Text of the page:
Damage Occurs Earlier Than Suspected in Fuchs Dystrophy
Anterior cellular and structural abnormalities are known to be present in the advanced stages of Fuchs dystrophy. Amin et al. investigated the time course of these changes and found that they occur much earlier in the disease than previously recognized.
For this cross-sectional study, the researchers examined 39 patients (63 eyes) with a range of severity of Fuchs dystrophy and 13 patients (25 eyes) with normal corneas. Corneal backscatter (haze) was measured from a confocal image light intensity profile. Stromal cell density and number, as well as the presence of abnormal subepithelial cells, were determined from confocal images.
Anterior haze was present in all eyes with Fuchs and was 18 to 67 percent higher in eyes with moderate and advanced disease compared with controls. Abnormal subepithelial cells were visible in 9 percent, 19 percent, and 30 percent of corneas with mild, moderate, and advanced Fuchs dystrophy, respectively. Only corneas with advanced Fuchs had clinically evident edema.
The researchers noted that the advent of newer endothelial techniques makes earlier intervention more feasible now than it was when penetrating keratoplasty was the main therapeutic option. Understanding the onset of structural abnormalities may help determine the optimal timing of treatment.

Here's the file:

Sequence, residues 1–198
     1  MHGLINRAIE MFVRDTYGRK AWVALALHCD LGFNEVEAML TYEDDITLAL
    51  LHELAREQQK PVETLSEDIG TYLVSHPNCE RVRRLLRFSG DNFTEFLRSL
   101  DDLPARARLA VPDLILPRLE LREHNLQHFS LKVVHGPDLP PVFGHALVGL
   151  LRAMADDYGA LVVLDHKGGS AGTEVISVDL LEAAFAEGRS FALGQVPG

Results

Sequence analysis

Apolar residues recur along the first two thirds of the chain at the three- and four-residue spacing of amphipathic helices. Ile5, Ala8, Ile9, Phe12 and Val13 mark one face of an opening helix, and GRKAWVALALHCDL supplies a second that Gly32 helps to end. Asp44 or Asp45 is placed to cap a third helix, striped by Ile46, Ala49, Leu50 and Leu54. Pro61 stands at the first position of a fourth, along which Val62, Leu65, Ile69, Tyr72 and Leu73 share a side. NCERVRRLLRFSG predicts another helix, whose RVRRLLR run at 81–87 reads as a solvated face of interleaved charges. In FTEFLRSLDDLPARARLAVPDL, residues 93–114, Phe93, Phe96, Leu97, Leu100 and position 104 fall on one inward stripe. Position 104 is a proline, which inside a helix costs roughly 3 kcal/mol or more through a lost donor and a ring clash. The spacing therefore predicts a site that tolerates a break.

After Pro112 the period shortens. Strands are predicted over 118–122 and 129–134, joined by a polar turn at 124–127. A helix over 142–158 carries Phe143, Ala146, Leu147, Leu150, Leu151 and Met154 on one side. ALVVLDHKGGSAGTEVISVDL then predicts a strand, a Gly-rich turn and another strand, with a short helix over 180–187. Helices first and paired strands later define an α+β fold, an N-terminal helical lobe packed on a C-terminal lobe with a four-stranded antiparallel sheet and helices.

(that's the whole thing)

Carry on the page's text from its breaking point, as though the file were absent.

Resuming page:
American Journal of Ophthalmology
Glaucomatous Structural Damage Associated With Slower Reaction Times
In a cross-sectional observational study, Tatham et al. examined the relationship between glaucomatous retinal nerve fiber layer (RNFL) damage and the ability to divide attention during simulated driving, an important factor in safe driving. Patients with glaucoma were found to have significantly impaired ability to divide attention, particularly under low-contrast conditions, with a significant association between thinning of the RNFL and driving ability.